Friday, June 27, 2014

Rheumatoid Arthritis Treatment Then and Now

I talk a lot about the revolutionary changes in RA treatment. This week on HealthCentral, I went into some more depth about how, specifically, RA treatment has changed:

"Receiving a diagnosis of rheumatoid arthritis (RA) used to mean an inevitable deterioration into joint damage, deformity and disability. Receiving an RA diagnosis now means a much better chance for remission or low disease activity so you can lead a better life. Today, I’ll take a look at the changes in the approach to treating RA and what it means for you.


The Pyramid
The traditional approach to treating RA was a stepped up pyramid (1). When first diagnosed, you would be prescribed NSAIDs (nonsteroidal anti-inflammatory drugs, such as Voltaren or Orudis) and nothing else for a long time. When that didn’t work, you might be upgraded to steroids and down the road, perhaps gold shots. Much further down this road, you might be prescribed Plaquenil. The key phrase governing this approach was “go low and go slow.” Unfortunately, while you were going low and slow, the disease was going fast and furious, eating up the cartilage in your joints, causing damage that affected your ability to move on a permanent basis."

  

Receiving a diagnosis of rheumatoid arthritis (RA) used to mean an inevitable deterioration into joint damage, deformity and disability. Receiving an RA diagnosis now means a much better chance for remission or low disease activity so you can lead a better life. Today, I’ll take a look at the changes in the approach to treating RA and what it means for you.

The Pyramid
The traditional approach to treating RA was a stepped up pyramid (1). When first diagnosed, you would be prescribed NSAIDs (nonsteroidal anti-inflammatory drugs, such as Voltaren or Orudis) and nothing else for a long time. When that didn’t work, you might be upgraded to steroids and down the road, perhaps gold shots. Much further down this road, you might be prescribed Plaquenil. The key phrase governing this approach was “go low and go slow.” Unfortunately, while you were going low and slow, the disease was going fast and furious, eating up the cartilage in your joints, causing damage that affected your ability to move on a permanent basis.
- See more at: http://www.healthcentral.com/rheumatoid-arthritis/c/80106/170060/rheumatoid#sthash.EbKdlztz.dpuf
Receiving a diagnosis of rheumatoid arthritis (RA) used to mean an inevitable deterioration into joint damage, deformity and disability. Receiving an RA diagnosis now means a much better chance for remission or low disease activity so you can lead a better life. Today, I’ll take a look at the changes in the approach to treating RA and what it means for you.
The Pyramid
The traditional approach to treating RA was a stepped up pyramid (1). When first diagnosed, you would be prescribed NSAIDs (nonsteroidal anti-inflammatory drugs, such as Voltaren or Orudis) and nothing else for a long time. When that didn’t work, you might be upgraded to steroids and down the road, perhaps gold shots. Much further down this road, you might be prescribed Plaquenil. The key phrase governing this approach was “go low and go slow.” Unfortunately, while you were going low and slow, the disease was going fast and furious, eating up the cartilage in your joints, causing damage that affected your ability to move on a permanent basis.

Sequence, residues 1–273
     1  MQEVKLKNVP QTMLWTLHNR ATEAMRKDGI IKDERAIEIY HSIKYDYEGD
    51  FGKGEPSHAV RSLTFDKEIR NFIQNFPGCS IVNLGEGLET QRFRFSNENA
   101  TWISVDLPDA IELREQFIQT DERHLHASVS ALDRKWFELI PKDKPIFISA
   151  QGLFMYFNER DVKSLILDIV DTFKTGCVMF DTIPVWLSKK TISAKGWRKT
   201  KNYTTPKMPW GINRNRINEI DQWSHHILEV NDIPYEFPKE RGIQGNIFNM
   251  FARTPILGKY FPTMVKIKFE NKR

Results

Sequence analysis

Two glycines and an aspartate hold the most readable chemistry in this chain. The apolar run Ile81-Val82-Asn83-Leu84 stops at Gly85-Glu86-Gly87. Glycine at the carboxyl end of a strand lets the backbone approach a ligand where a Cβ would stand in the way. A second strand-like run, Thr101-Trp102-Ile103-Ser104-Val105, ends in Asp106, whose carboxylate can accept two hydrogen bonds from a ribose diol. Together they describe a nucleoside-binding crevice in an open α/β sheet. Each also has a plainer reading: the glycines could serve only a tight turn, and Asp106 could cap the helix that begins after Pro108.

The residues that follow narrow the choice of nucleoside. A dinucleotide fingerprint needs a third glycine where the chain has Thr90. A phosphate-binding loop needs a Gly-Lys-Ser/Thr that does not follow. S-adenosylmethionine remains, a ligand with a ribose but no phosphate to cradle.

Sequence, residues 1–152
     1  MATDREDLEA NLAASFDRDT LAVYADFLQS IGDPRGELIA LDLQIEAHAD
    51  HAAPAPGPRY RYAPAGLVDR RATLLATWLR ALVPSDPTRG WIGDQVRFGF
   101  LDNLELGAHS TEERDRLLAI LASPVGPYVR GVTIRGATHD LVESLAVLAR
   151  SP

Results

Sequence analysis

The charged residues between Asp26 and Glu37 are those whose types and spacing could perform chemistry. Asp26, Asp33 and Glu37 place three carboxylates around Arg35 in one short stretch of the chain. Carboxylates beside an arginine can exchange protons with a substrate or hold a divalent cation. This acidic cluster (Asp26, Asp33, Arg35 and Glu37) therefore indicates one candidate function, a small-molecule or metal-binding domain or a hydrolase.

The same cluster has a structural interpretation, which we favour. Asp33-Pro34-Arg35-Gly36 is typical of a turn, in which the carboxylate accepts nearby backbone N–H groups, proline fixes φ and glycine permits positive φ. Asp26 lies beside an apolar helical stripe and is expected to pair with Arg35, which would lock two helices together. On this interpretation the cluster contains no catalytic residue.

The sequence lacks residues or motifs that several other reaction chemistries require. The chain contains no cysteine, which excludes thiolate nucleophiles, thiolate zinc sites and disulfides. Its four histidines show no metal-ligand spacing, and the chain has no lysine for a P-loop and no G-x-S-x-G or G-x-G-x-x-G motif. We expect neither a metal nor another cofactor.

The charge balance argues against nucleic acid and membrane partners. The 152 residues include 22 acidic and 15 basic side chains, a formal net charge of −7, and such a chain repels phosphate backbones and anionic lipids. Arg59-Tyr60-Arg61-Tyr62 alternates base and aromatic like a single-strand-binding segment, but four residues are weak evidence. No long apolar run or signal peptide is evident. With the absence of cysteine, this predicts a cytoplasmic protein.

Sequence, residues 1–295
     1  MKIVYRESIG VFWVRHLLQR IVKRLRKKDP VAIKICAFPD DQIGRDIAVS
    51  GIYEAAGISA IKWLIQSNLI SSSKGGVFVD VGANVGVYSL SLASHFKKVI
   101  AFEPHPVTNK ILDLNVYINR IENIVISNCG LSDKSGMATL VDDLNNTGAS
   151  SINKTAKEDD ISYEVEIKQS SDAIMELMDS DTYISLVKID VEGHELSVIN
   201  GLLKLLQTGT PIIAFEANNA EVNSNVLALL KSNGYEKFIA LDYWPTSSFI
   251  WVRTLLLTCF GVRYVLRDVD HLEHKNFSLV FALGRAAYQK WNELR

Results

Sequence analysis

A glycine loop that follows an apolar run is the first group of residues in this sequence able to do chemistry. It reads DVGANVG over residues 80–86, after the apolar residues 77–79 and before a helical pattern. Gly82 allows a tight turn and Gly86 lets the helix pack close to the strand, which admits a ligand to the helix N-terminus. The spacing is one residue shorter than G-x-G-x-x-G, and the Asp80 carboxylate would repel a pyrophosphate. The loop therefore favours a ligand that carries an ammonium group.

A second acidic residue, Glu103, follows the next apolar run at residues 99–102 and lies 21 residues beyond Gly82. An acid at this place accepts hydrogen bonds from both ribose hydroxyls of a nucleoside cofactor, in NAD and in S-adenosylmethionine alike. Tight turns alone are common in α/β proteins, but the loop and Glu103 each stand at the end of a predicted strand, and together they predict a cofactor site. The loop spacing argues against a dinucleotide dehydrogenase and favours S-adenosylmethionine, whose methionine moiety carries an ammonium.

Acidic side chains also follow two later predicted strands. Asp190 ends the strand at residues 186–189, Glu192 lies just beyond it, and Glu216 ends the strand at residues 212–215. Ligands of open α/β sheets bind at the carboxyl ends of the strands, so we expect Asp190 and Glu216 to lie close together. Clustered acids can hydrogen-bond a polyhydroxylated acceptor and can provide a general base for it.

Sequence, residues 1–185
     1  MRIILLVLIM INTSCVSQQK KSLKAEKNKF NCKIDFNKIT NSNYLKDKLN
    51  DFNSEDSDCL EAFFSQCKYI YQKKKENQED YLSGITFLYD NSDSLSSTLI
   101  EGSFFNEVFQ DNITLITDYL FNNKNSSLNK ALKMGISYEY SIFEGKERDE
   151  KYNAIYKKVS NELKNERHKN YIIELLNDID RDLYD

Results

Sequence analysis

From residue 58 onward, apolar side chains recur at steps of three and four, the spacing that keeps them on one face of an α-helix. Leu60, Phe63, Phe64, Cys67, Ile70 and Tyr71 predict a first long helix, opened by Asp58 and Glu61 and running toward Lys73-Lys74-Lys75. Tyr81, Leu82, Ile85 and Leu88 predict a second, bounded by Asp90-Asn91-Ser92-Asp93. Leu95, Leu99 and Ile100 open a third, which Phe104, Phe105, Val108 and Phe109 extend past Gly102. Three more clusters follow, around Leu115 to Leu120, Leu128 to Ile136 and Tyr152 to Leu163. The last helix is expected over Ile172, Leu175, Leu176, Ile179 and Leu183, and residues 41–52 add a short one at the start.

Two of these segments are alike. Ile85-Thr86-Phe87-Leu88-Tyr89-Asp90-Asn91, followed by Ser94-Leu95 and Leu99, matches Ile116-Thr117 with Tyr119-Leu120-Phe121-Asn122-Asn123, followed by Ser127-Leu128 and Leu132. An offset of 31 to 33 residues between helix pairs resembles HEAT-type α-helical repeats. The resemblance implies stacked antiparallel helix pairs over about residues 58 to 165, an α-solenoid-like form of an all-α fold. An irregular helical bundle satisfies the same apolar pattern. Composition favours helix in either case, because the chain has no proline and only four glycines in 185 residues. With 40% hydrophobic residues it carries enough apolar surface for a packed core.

Receiving a diagnosis of rheumatoid arthritis (RA) used to mean an inevitable deterioration into joint damage, deformity and disability. Receiving an RA diagnosis now means a much better chance for remission or low disease activity so you can lead a better life. Today, I’ll take a look at the changes in the approach to treating RA and what it means for you.

The Pyramid
The traditional approach to treating RA was a stepped up pyramid (1). When first diagnosed, you would be prescribed NSAIDs (nonsteroidal anti-inflammatory drugs, such as Voltaren or Orudis) and nothing else for a long time. When that didn’t work, you might be upgraded to steroids and down the road, perhaps gold shots. Much further down this road, you might be prescribed Plaquenil. The key phrase governing this approach was “go low and go slow.” Unfortunately, while you were going low and slow, the disease was going fast and furious, eating up the cartilage in your joints, causing damage that affected your ability to move on a permanent basis.
- See more at: http://www.healthcentral.com/rheumatoid-arthritis/c/80106/170060/rheumatoid#sthash.EbKdlztz.dpuf
Receiving a diagnosis of rheumatoid arthritis (RA) used to mean an inevitable deterioration into joint damage, deformity and disability. Receiving an RA diagnosis now means a much better chance for remission or low disease activity so you can lead a better life. Today, I’ll take a look at the changes in the approach to treating RA and what it means for you.

The Pyramid
The traditional approach to treating RA was a stepped up pyramid (1). When first diagnosed, you would be prescribed NSAIDs (nonsteroidal anti-inflammatory drugs, such as Voltaren or Orudis) and nothing else for a long time. When that didn’t work, you might be upgraded to steroids and down the road, perhaps gold shots. Much further down this road, you might be prescribed Plaquenil. The key phrase governing this approach was “go low and go slow.” Unfortunately, while you were going low and slow, the disease was going fast and furious, eating up the cartilage in your joints, causing damage that affected your ability to move on a permanent basis.
- See more at: http://www.healthcentral.com/rheumatoid-arthritis/c/80106/170060/rheumatoid#sthash.EbKdlztz.dpuf
Receiving a diagnosis of rheumatoid arthritis (RA) used to mean an inevitable deterioration into joint damage, deformity and disability. Receiving an RA diagnosis now means a much better chance for remission or low disease activity so you can lead a better life. Today, I’ll take a look at the changes in the approach to treating RA and what it means for you.

The Pyramid
The traditional approach to treating RA was a stepped up pyramid (1). When first diagnosed, you would be prescribed NSAIDs (nonsteroidal anti-inflammatory drugs, such as Voltaren or Orudis) and nothing else for a long time. When that didn’t work, you might be upgraded to steroids and down the road, perhaps gold shots. Much further down this road, you might be prescribed Plaquenil. The key phrase governing this approach was “go low and go slow.” Unfortunately, while you were going low and slow, the disease was going fast and furious, eating up the cartilage in your joints, causing damage that affected your ability to move on a permanent basis.